The Rev. Canon Scot McKnight, a professor who has written extensively about Christian living and toxic church culture, has apologized to abuse survivors at the Chicago-area congregation he and his family attend. McKnight says he was “taken by surprise” by what unfolded and is sorry for anything he’s done or written that may have inadvertently “deepened [victims’] wounds.”
Church of the Redeemer, part of the Anglican diocese C4SO (Churches for the Sake of Others), recently learned that accusations of inappropriate behavior against the Rev. Jay Greener were found to be “credible and compelling.”
Days before the independent report was released, Greener resigned from the church, located in Highwood, Illinois. He had been on a leave of absence since December, when allegations came to light.
Scot McKnight Had ‘Admired and Appreciated Jay Greener’
In a July 7 blog post titled “An Apology,” Scot McKnight addresses the investigation and its aftermath. “Our family uniformly admired and appreciated Jay Greener,” he writes—so much so “that he appears in a couple of my books and I want today to apologize to his victims for what we have written about him.”
McKnight includes a brief summary from the report. Then he writes: “To all the survivors of these inappropriate actions (detailed as power, emotional, sexual misconduct) … First, I believe you and what you say. I cannot say this often enough or loud enough: I believe you. Second, I am, and my daughter and I are, very sorry for writing admiring statements about him that have wounded or deepened your wounds.”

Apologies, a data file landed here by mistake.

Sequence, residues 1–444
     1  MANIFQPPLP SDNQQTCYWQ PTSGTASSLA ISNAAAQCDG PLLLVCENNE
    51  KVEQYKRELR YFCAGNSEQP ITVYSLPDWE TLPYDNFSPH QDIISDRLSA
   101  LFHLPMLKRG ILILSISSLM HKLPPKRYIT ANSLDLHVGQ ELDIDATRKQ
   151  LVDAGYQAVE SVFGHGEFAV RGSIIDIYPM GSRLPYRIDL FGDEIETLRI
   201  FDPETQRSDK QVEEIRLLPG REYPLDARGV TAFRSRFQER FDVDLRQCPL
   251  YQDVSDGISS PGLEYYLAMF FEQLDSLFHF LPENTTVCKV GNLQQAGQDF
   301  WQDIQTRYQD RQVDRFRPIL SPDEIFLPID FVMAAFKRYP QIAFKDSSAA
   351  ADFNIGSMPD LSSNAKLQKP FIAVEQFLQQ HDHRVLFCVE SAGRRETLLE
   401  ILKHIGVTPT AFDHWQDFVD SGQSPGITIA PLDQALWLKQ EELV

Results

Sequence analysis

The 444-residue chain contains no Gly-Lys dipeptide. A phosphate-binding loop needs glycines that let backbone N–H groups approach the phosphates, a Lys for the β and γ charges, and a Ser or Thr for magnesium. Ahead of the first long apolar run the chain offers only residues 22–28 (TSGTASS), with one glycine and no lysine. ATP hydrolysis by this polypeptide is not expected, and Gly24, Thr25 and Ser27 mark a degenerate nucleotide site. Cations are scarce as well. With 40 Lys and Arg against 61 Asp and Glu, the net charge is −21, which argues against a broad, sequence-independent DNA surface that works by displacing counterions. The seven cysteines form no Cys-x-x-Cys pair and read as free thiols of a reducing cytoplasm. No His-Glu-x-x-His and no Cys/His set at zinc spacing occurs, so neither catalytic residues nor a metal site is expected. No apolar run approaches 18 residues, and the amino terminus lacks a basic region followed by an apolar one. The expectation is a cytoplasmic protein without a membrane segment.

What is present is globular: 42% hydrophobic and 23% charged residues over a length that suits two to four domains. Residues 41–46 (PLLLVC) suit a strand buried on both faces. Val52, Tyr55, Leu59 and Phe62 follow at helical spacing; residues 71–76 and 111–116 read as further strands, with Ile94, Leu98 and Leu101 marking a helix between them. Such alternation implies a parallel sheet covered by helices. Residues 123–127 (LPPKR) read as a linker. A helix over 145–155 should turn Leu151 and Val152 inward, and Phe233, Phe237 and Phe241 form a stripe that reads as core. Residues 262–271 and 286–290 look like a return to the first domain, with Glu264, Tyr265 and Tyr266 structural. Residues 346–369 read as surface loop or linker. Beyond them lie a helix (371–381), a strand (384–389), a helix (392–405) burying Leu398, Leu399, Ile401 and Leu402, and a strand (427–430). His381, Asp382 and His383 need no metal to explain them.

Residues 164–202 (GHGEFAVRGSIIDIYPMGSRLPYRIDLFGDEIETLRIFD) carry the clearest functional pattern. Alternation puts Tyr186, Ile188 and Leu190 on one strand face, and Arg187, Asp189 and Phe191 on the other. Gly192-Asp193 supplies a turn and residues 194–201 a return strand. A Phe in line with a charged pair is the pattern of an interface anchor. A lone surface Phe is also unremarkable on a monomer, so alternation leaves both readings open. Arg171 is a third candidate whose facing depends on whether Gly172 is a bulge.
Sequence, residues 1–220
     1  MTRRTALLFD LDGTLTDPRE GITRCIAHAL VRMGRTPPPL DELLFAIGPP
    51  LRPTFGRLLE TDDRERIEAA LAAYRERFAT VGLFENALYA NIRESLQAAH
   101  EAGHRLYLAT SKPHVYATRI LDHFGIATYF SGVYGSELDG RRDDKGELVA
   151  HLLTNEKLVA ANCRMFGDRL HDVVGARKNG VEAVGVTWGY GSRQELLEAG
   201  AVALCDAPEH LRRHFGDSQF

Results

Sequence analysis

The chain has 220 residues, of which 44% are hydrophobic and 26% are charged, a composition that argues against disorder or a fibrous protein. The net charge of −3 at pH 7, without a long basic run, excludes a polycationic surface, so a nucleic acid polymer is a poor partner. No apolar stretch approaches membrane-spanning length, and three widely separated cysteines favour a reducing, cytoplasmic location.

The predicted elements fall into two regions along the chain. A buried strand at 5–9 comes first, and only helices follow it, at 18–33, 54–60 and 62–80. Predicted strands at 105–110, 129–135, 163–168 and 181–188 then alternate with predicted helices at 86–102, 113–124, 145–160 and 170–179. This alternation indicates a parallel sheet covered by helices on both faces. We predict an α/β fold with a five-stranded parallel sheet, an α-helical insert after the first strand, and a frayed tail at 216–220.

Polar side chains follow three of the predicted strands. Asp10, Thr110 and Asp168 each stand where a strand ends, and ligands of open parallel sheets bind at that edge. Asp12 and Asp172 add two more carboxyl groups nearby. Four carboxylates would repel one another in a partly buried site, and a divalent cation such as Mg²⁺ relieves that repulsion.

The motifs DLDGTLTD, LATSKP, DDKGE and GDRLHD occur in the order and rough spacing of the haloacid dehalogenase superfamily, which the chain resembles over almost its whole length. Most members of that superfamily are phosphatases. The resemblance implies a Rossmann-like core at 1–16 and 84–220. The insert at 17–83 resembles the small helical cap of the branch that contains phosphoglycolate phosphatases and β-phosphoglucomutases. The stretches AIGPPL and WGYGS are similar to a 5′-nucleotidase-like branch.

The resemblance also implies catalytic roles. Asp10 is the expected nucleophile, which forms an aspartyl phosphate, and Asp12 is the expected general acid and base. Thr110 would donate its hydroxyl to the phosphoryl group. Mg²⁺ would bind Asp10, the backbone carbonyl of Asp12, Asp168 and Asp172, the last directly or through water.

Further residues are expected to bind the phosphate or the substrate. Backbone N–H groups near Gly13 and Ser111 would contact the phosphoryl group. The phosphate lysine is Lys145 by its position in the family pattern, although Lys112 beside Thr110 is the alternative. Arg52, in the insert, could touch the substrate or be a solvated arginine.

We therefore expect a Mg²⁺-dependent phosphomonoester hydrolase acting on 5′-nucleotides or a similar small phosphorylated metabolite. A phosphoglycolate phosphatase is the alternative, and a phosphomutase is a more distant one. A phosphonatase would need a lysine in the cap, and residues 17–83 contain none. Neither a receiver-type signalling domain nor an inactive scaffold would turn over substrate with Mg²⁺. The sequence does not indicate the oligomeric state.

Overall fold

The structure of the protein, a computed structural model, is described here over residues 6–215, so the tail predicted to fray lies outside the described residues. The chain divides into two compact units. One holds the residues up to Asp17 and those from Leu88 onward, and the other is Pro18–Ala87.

McKnight has written more than 60 books, including 2020’s “A Church Called Tov: Forming a Goodness Culture That Resists Abuses of Power and Promotes Healing.” In the preface to his 2019 book, “Pastor Paul,” McKnight writes, “More than anyone else, Jay Greener’s pastoring at Church of the Redeemer has inspired this book. He probably knows…that my occasional scribblings during his sermons are as often as not ‘notes to self’ for this book. Jay—and this comes from the first chapter—pastors people.”
McKnight’s apology post continues: “This tragedy in our church has stopped me in my tracks about using names and personal stories, and it has made me suddenly far more cautious. We continue to wrestle with whether or not there were events or statements we missed that could have tipped us off to any unacceptable abuse.” He ends with a quote from C4SO Bishop Todd Hunter: “Pastors are called to the cure of souls, not to the wounding of souls.”
ChurchLeaders reached out to Scot McKnight, who declined to comment beyond what he had already said in his apology post.
On a 2020 episode of the ChurchLeaders podcast, McKnight spoke about the dangers of toxic church leadership. “We have to develop a ‘people-first mentality,” he said, “and to have a people-first orientation is to know their names and know their stories.”
Report: Accusations Against Jay Greener Were ‘Credible and Compelling’
In a June 2 letter to the C4SO community, Bishop Hunter recaps the 39-page report from Wade Mullen and Pellucid Consulting. After extensive interviews, investigators concluded “that they found ‘credible and compelling’ accusations of inappropriate conduct [by Greener], including the abuse of power, sexual harassment, and alcohol abuse.”